Using a phone camera and augmented reality technology, users can see the virtual sea rise right in their living room or in the park if they make environmentally irresponsible decisions. ‘Of course, this is all a bit oversimplified, but I think it’s a great way of humanising big data,’ Ushigome says. It’s a simple but powerful way of explaining something as complex as climate change; the amount of publicly available data on such phenomena can be overwhelming and difficult to relate to everyday life, but seeing your kitchen slowly fill up with water because you consistently take the car rather than ride a bicycle to work drives the issue home.
Such self-initiated projects often generate quite a bit of interest, which in turn helps Takram expand its service portfolio. Sometimes these projects are fully self-funded, other times Takram might approach another company with an idea, in the hope of collaboration and funding opportunities. Companies and government agencies also contact Takram for specific projects, such as the prototype Regional Economy Society Analysing System (RESAS) developed for the Japanese government in 2015. RESAS is a web-based system that gives clear and visually pleasing representations of nationwide data on topics such as population, economics, tourism and consumption, sourced from Japan’s central Teikoku Databank. It is used today by policymakers throughout the country to make sense of phenomena such as the movement of people or goods within and across different prefectures, or the change in economic growth in one area compared to another. It is another example of what Ushigome likes to refer to as the humanisation of data. ‘Data is only useful and relevant if understood, and design can be an excellent tool in making it so,’ he says.
Over the last 18 months, Takram has been working together with Hitachi’s Research & Development Group to create a website, sustainability-transitions.com, to share ideas for building a more sustainable world in small increments, or ‘transitions’. It features key findings from interviews with 12 leaders in sustainability, from Jonelle Simunich, a senior foresight strategist at Arup, to Yuji Yoshimura, a professor at the Research Center for Advanced Science and Technology at the University of Tokyo. ‘Thinking in transitions can give us a much fuller picture of how we build a sustainable future,’ it reads. ‘And it gives us practical, concrete steps we can take to help get us there.’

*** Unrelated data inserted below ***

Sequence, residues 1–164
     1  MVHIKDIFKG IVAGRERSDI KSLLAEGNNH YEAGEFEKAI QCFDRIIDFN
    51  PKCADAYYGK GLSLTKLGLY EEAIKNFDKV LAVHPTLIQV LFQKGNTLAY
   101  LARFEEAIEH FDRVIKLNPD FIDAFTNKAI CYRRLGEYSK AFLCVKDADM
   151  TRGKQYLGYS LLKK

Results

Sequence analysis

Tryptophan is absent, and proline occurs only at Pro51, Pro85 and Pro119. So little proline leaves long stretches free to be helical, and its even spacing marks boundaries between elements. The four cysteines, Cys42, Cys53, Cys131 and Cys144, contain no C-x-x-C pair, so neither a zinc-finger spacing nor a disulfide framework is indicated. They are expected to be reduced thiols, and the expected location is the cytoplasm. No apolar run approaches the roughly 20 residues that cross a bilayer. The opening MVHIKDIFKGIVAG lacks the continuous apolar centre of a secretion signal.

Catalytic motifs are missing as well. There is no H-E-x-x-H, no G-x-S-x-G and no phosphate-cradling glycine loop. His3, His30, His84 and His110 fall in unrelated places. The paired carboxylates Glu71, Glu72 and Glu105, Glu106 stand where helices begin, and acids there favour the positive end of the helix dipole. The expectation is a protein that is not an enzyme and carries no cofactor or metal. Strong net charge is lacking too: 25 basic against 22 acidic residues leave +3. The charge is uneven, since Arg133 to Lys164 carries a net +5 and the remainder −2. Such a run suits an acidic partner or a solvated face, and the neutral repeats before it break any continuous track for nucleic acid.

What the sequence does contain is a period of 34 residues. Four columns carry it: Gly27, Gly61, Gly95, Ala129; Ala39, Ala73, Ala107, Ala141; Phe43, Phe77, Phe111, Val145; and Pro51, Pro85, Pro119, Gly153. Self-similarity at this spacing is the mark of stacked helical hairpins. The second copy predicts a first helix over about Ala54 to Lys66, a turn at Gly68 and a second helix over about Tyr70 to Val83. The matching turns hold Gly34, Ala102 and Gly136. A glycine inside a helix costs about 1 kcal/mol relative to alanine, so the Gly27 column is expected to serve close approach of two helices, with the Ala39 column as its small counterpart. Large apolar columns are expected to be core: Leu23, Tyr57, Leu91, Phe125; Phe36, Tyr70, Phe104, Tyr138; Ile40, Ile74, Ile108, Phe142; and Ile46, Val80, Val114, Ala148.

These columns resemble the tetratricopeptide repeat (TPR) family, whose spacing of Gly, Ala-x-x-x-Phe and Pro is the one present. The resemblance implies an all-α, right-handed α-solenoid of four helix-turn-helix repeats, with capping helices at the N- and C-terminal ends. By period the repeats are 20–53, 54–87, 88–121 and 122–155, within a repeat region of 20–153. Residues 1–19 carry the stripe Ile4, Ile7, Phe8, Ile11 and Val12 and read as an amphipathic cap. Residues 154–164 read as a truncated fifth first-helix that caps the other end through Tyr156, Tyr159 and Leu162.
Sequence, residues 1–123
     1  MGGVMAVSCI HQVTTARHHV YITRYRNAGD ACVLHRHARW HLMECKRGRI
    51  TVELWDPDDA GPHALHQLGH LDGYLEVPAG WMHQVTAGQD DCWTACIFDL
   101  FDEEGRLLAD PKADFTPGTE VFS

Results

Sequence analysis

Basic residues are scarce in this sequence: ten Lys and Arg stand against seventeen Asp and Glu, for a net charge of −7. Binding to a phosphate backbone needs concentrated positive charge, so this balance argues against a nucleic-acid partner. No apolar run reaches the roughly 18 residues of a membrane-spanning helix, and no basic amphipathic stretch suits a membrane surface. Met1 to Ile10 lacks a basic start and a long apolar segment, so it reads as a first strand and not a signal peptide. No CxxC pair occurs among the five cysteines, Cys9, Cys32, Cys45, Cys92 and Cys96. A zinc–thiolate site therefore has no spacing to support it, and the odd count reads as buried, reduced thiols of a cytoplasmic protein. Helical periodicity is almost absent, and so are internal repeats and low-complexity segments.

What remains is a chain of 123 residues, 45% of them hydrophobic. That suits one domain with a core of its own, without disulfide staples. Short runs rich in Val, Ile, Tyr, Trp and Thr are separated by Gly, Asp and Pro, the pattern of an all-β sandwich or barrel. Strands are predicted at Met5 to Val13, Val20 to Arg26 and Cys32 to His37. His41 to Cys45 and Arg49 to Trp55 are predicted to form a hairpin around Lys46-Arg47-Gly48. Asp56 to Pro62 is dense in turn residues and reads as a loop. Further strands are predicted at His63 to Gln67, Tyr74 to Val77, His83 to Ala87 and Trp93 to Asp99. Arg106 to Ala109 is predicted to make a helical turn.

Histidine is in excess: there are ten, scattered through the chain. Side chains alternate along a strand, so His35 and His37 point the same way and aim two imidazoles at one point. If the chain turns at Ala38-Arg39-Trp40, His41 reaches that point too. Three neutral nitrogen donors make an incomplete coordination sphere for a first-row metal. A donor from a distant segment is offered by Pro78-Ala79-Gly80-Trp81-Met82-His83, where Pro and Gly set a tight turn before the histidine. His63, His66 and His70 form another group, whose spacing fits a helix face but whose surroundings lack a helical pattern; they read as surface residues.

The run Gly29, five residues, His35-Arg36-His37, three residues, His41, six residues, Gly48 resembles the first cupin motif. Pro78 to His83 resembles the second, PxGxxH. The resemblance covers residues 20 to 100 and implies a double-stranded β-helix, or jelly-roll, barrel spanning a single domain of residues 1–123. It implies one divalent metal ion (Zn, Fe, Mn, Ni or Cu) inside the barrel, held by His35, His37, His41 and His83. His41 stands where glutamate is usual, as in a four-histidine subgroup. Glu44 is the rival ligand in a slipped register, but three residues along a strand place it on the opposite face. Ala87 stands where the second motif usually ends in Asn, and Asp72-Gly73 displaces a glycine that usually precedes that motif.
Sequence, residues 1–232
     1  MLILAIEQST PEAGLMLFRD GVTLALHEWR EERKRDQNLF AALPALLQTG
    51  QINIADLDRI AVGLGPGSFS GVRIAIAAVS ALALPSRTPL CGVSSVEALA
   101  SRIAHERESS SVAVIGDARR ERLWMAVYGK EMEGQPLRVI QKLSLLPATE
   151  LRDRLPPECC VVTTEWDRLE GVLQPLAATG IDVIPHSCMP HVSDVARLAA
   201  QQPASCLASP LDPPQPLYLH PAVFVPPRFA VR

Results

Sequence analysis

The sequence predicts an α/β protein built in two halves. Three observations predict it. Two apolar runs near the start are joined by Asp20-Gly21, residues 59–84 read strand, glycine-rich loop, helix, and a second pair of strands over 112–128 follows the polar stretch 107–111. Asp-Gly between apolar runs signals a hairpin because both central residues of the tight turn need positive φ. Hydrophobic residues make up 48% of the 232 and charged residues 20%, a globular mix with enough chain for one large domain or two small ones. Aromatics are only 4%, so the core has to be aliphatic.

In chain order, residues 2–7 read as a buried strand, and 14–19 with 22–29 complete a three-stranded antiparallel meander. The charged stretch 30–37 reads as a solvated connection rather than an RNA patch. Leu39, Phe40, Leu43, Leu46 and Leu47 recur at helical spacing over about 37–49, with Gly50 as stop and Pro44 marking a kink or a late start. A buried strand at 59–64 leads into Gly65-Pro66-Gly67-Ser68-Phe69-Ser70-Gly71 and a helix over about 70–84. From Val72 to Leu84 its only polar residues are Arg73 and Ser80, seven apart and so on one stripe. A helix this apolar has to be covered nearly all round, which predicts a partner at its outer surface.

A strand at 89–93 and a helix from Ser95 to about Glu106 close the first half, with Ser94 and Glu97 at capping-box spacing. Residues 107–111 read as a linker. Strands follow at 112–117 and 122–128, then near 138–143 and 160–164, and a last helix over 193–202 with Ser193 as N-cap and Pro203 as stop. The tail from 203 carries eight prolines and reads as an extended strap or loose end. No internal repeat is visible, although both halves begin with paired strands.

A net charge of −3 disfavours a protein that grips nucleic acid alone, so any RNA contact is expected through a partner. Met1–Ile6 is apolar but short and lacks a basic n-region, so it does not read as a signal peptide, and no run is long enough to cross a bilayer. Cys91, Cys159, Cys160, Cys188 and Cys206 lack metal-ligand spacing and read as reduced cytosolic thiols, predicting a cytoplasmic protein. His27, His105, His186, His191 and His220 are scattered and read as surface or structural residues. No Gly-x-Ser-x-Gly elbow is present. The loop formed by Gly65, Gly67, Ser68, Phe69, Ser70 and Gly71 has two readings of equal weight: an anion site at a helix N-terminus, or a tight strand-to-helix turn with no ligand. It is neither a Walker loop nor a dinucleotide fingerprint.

The website proposes ten transitions, including Centralised to Distributed, Degenerative to Regenerative, and Fossil to Renewable, and explains why they are necessary to build a sustainable future. It outlines opposing sets of qualities that define the current world (which sees energy as a resource, gradually running out while polluting the environment) and a preferable world (energy as a flow, renewably supplied and non-destructive). Importantly, it also offers very concrete proposals as to what each individual can do to help these transitional changes.
‘I think that with Covid, being able to highlight and facilitate these kinds of discussions about the future is perhaps more important than ever,’ Ushigome says. He goes on to explain that, if anything, Takram has received more enquiries because of the pandemic. Perhaps clients are more willing to entertain speculative design proposals in uncertain times such as these? Takram and Ushigome might not have all the answers, but their innovative and forward-looking approach is sure to make you stop and think.